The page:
Data Availability Statement

The original contributions presented in the study are included in the article/supplementary material, further inquiries can be directed to the corresponding author.

Author Contributions

HW carried out the computational neuroscience model and neural circuit design studies, experiment design, and writing the manuscript. Q-SH designed algorithms, coded simulation program and collected the experimental data, and wrote the manuscript. All authors read and approved the final manuscript.


This work was supported by the NSFC Project (Project Nos. 61771146 and 61375122) and the National Thirteen 5-Year Plan for Science and Technology (Project No. 2017YFC1703303).

Conflict of Interest

The authors declare that the research was conducted in the absence of any commercial or financial relationships that could be construed as a potential conflict of interest.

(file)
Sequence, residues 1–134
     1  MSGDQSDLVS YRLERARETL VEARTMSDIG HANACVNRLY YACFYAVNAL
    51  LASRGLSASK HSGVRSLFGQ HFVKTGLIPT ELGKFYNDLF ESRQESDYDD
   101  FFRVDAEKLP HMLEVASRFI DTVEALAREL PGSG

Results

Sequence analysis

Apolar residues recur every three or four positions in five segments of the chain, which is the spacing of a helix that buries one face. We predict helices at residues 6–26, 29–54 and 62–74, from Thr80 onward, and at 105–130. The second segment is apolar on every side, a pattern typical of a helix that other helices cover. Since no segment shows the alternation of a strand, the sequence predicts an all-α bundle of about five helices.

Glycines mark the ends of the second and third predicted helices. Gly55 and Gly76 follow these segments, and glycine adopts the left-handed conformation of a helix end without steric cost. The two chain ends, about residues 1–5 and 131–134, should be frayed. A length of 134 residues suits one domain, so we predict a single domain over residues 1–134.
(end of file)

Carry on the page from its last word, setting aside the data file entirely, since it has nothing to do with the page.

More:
We thank LetPub ( for its linguistic assistance during the preparation of the manuscript.


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Keywords: spike-timing-dependent plasticity, working memory, computational model, synaptic plasticity, spiking neural network

Citation: Huang Q-S and Wei H (2021) A Computational Model of Working Memory Based on Spike-Timing-Dependent Plasticity. Front. Comput. Neurosci. 15:630999. doi: 10.3389/fncom.2021.630999

Received: 19 November 2020; Accepted: 31 March 2021;
Published: 21 April 2021.

Edited by:

Si Wu, Peking University, China

Reviewed by:

Dong Song, University of Southern California, United States
Antonio Batista, Universidade Estadual de Ponta Grossa, Brazil
Kelly Cristiane Iarosz, University of São Paulo, Brazil

Copyright © 2021 Huang and Wei. This is an open-access article distributed under the terms of the Creative Commons Attribution License (CC BY). The use, distribution or reproduction in other forums is permitted, provided the original author(s) and the copyright owner(s) are credited and that the original publication in this journal is cited, in accordance with accepted academic practice. No use, distribution or reproduction is permitted which does not comply with these terms.

*Correspondence: Hui Wei,